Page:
Rising temperatures may cause decline in Egypt’s crop production
Courtesy: shutterstock.com
 

Egypt is likely to witness a decline in the productivity of a number of crops in the next 10 years as a result of rising temperatures due to global warming, according to a study released by the Central Authority for Public Mobilization and Statistics (CAPMAS) on Tuesday.

The study is based on CAPMAS’s estimation of agricultural production for the period between 2014/2015 and 2024/2025, assuming temperatures increase by 1-2C.

The Crop 1C increase 2C increase
Decline in productivity per feddan annually Decline in productivity nationwide annually Decline in productivity per feddan annually Decline in productivity nationwide annually
Wheat From 2.69 to 2.2 tons From 9 million to 8.3 million tons From 2.68 to 2.09 tons From 9 million to 7.9 million tons
Rice From 4.09 to 3.79 tons From 5.8 million to 4.3 million tons From 4.08 to 3.79 tons From 5.8 million to 4.2 million tons
Corn From 3.19 to 2.76 tons Production increased from 7.9 million to 8 million tons due to an increase in planted land From 3.17 to 2.62 tons From 7.9 million to 7.6 million tons, despite increase in planted land

According to estimations from the US Department of Agriculture, Egypt’s annual wheat consumption is 20 million metric tons (MMT), 8 MMT of which are produced locally, and the remainder is imported. Egypt consumes 3.5 MMT of rice annually but produces 4 MMT, leaving an excess of 0.5 MMT.

The government has often resorted to additional imports or land reclamation to offset the decline in production, the study shows.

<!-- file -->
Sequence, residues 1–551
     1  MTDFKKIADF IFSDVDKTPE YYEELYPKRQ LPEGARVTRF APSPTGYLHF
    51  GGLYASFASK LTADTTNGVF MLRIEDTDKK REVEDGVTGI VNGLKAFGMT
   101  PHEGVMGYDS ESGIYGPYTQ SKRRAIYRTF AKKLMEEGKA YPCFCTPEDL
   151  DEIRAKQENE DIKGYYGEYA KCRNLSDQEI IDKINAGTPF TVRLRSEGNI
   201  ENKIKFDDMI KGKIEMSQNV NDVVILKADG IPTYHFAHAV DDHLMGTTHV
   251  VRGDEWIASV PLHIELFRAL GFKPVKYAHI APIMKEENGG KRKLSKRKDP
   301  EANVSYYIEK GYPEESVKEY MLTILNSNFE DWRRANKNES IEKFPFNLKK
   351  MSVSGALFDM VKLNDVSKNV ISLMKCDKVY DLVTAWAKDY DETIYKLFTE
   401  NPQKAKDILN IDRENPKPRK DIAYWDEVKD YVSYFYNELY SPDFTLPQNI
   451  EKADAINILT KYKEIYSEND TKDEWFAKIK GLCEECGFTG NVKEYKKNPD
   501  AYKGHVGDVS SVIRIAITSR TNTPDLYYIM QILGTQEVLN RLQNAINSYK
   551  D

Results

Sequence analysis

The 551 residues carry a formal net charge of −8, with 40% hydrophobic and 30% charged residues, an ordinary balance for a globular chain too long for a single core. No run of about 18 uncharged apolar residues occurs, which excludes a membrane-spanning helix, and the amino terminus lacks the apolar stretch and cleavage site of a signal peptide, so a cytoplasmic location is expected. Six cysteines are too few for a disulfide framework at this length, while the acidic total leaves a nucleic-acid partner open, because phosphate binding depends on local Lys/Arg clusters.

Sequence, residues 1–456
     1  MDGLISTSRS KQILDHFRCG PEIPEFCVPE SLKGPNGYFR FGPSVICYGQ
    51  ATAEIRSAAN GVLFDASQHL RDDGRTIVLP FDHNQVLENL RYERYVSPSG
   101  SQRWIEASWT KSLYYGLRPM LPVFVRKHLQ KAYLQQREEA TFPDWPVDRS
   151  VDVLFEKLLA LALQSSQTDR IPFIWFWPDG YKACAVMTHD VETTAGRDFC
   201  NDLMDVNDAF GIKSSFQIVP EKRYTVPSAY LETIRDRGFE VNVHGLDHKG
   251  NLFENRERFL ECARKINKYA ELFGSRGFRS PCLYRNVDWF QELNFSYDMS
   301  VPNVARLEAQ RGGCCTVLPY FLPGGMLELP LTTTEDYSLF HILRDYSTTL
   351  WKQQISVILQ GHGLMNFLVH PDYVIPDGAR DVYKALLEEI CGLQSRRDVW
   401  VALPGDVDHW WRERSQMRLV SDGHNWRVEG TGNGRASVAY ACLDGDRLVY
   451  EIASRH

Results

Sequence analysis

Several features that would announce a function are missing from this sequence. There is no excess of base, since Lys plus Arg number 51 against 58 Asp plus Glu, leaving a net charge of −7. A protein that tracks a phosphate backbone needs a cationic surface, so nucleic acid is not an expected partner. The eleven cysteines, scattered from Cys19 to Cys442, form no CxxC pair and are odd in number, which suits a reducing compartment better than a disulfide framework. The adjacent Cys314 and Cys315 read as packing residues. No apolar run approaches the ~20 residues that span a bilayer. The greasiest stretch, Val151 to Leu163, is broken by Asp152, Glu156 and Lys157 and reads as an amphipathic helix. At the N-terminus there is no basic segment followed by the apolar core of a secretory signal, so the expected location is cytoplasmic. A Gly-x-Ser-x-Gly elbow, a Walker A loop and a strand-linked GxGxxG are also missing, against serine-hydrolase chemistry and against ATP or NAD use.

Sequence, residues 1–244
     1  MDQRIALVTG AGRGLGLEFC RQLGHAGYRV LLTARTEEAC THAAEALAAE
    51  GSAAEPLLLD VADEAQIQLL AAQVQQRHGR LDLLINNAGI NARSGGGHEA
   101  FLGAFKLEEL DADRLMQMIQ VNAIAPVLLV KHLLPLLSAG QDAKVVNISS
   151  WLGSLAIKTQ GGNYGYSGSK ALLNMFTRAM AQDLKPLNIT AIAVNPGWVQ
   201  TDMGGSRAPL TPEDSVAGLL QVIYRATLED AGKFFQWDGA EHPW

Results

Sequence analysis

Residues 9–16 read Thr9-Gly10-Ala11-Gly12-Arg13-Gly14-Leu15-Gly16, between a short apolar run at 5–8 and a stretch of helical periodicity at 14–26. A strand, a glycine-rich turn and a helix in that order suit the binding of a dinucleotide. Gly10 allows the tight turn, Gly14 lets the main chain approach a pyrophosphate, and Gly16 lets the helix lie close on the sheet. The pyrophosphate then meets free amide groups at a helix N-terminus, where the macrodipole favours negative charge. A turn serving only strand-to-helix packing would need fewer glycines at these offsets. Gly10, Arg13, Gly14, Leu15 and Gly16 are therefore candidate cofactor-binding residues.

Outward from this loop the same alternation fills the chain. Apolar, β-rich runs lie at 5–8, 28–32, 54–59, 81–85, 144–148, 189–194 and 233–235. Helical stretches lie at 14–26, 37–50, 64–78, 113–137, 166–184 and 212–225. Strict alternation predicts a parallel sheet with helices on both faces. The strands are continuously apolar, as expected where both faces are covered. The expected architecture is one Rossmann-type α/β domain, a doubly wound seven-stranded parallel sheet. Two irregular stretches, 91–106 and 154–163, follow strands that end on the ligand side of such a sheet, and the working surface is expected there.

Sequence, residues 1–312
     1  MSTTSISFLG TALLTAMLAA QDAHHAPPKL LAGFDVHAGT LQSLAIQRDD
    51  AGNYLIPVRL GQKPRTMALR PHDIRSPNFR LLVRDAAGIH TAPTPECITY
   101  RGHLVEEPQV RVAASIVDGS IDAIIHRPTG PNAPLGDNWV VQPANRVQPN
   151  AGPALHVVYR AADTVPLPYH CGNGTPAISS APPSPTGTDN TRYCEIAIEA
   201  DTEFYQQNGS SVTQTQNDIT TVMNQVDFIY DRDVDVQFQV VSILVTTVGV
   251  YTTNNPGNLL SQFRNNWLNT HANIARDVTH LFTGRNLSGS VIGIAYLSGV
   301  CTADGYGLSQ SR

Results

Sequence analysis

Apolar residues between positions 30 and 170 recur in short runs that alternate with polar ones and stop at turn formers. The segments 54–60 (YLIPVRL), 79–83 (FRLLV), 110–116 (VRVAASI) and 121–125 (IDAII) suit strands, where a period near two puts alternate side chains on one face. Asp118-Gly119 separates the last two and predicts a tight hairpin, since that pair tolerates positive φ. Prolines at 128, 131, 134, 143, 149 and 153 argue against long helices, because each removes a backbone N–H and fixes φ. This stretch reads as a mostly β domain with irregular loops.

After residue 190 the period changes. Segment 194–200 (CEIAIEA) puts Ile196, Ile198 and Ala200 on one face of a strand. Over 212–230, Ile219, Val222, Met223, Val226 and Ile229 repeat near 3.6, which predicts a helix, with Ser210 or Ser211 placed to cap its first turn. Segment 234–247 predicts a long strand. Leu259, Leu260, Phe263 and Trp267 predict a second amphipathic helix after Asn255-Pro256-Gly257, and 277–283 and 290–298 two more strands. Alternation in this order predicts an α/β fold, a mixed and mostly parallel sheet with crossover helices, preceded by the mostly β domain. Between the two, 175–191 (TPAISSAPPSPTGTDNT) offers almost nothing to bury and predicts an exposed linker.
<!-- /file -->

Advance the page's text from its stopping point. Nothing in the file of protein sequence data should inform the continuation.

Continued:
The Crop 1C increase 2C increase
Reclamation of new land Imports Reclamation of new land Imports
Wheat 73,000 to 990,000 feddans cost US$162m to $2.2bn US$39m to $436m 86,000 to 1.2 million feddans cost US$191m to $2.7bn US$46m to $519m
Rice 35,000 to 166,000 feddans cost US$78m to $369m US$47m to $205m 39,000 to 202,000 feddans cost US$87m to $449m US$52m to $242m
Corn 1,000 to 268,000 feddans cost US$2m to $596m US$1m to $269m 17,000 to 437,000 feddans cost US$38m to $972m US$21m to $458m

The discrepancy between the amount of land required to be reclaimed and the cost of imports is the result of a gradual decrease in production expected over the next 10 years, according to CAPMAS researcher Philippe Fahmy.

Despite the cost of land reclamation being significantly higher than the cost of imports, Fahmy explains that this is a fixed investment that will contribute to long-term agricultural security.

It is anticipated that global warming will result in a global decline in wheat production of between 5 and 50 percent, and 20-30 percent in rice production by 2100, according to the UN Food and Agriculture Organization (FAO).

Egypt represented Arab and African countries at the Marrakech Climate Change Conference (Cop22) in November, participating in discussions on how to implement the Paris Agreement ratified in October.

The agreement obliges international cooperations to decrease carbon emissions in order to prevent temperature increases of 2C above pre-industrial rates by 2100. Although Egypt has not ratified this agreement yet, it signed two other important agreements last year, including a decision by the International Civil Aviation Organization (ICAO) to reduce carbon emissions and the Montreal Protocol to reduce hydro chlorofluorocarbons.

Egypt is among the 11 top global contributors to carbon emissions, with expectations of a 300 percent increase this year as a result of heavy dependence on fossil fuels, according to the Climate Investment Fund.

Egypt’s Environment Minister Khaled Fahmy told Mada Masr in a previous interview at the Marrakech Conference that the government is awaiting Parliament’s approval of the Paris Agreement before ratifying it. A study of Egypt’s energy mix strategy, financed by the European Union, is also yet to be completed, Fahmy explained.

Minister of Agriculture Essam Fayed said the ministry established The Central Laboratory for Agricultural Climate, which aims to create a temperature forecast network that covers Egypt’s planted land, including previously and newly reclaimed land.

AD

You have a right to access accurate information, be stimulated by innovative and nuanced reporting, and be moved by compelling storytelling.

Subscribe now to become part of the growing community of members who help us maintain our editorial independence.
Know more

Join us

Your support is the only way to ensure independent,
progressive journalism
survives.